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In System Preferences -> Security, the checkbox “Require password to wake this computer from sleep or screen saver” is grayed out:

screenshot

How can I re-enable the option so that I can turn it off?

I imagine this is something my IT department has rolled out using Managed Client (perhaps with these workarounds to make it actually work). Before starting the process of filing tickets with them, trying to explain the problem to them and convince them to change it, I thought it might be easier to circumvent the setting with SuperUser's help. I have tried

defaults -currentHost write com.apple.screensaver 'Require Password' -int 0

and

defaults -currentHost write com.apple.screensaver askForPassword -int 0

but neither has helped. The current defaults for are:

# defaults -currentHost read com.apple.screensaver 
{
    "Require Password" = 0;
    askForPassword = 0;
}

Directory Utility shows that the Mac is bound to an Active Directory domain; however, under the Services tab, Active Directory is not enabled.

Per Theo Belk's suggestion, I edited ~/Library/Preferences/ByHost/com.apple.screensaver.blahblah.plist with Property List Editor. That did indeed clear the checkbox, but just cosmetically: the Mac still asks for password after sleep, and resets the checkbox at that point. There is no plist for screensaver in /System/Library/User Template/English.lproj/Library/Preferences.

This is Mac OS 10.5.8.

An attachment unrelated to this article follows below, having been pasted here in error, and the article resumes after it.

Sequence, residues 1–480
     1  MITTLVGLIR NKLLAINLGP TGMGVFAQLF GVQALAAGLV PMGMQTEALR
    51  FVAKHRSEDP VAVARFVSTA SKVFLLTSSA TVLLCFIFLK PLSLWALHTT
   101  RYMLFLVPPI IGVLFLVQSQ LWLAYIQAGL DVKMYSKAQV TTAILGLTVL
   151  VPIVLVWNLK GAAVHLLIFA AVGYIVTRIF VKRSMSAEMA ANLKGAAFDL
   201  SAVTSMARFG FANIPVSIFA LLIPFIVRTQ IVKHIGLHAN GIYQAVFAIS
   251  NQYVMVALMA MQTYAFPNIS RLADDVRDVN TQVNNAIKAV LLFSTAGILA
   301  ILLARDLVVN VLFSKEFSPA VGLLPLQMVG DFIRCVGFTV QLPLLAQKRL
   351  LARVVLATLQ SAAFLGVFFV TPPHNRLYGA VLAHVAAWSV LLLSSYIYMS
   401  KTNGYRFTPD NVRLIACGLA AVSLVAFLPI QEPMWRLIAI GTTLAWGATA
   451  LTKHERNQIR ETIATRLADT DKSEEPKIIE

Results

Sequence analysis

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I have never seen that before! Does this only affect your user or are other users also affected? Is your account an admin account? Are other users currently logged in? –  Josh Oct 7 '10 at 12:24
    
@Josh: I just created a new admin “johndoe” account for testing, and the checkbox was grayed out for that account as well. My account is an admin account as well. There are no other users logged in –  Vebjorn Ljosa Oct 7 '10 at 12:47
1  
"Before starting the process of filing tickets with them, trying to explain the problem to them and convince them to change it" You do realize that enforcing passwords after a period on inactivity (why would there be a screensaver otherwise?) makes -- usually -- a lot of sense? –  Daniel Beck Oct 7 '10 at 15:38
2  
If your IT department did this (they should have), it may be a serious breach of company policy to disable it. From a security standpoint all corporate laptops should be configured that way. –  BillThor Oct 7 '10 at 16:31
1  
It may prevent goating, but does nothing to stop anyone with physical access to the laptop. At best it gives a false sense of security, at worst it provides ample opportunity for shoulder surfing, as I have to enter my password every time I open the laptop, e.g., on the train. –  Vebjorn Ljosa Oct 7 '10 at 17:18

2 Answers 2

Unless you have admin rights to the box where you can change the managed settings, it doesn't matter what you put into your own preferences, the managed settings will override it (since that's apparently how they have it configured). Regardless, I don't think it should be SuperUser's place to help you circumvent policies set forth by your management and/or IT group. You need to talk with them if you disagree with the setting.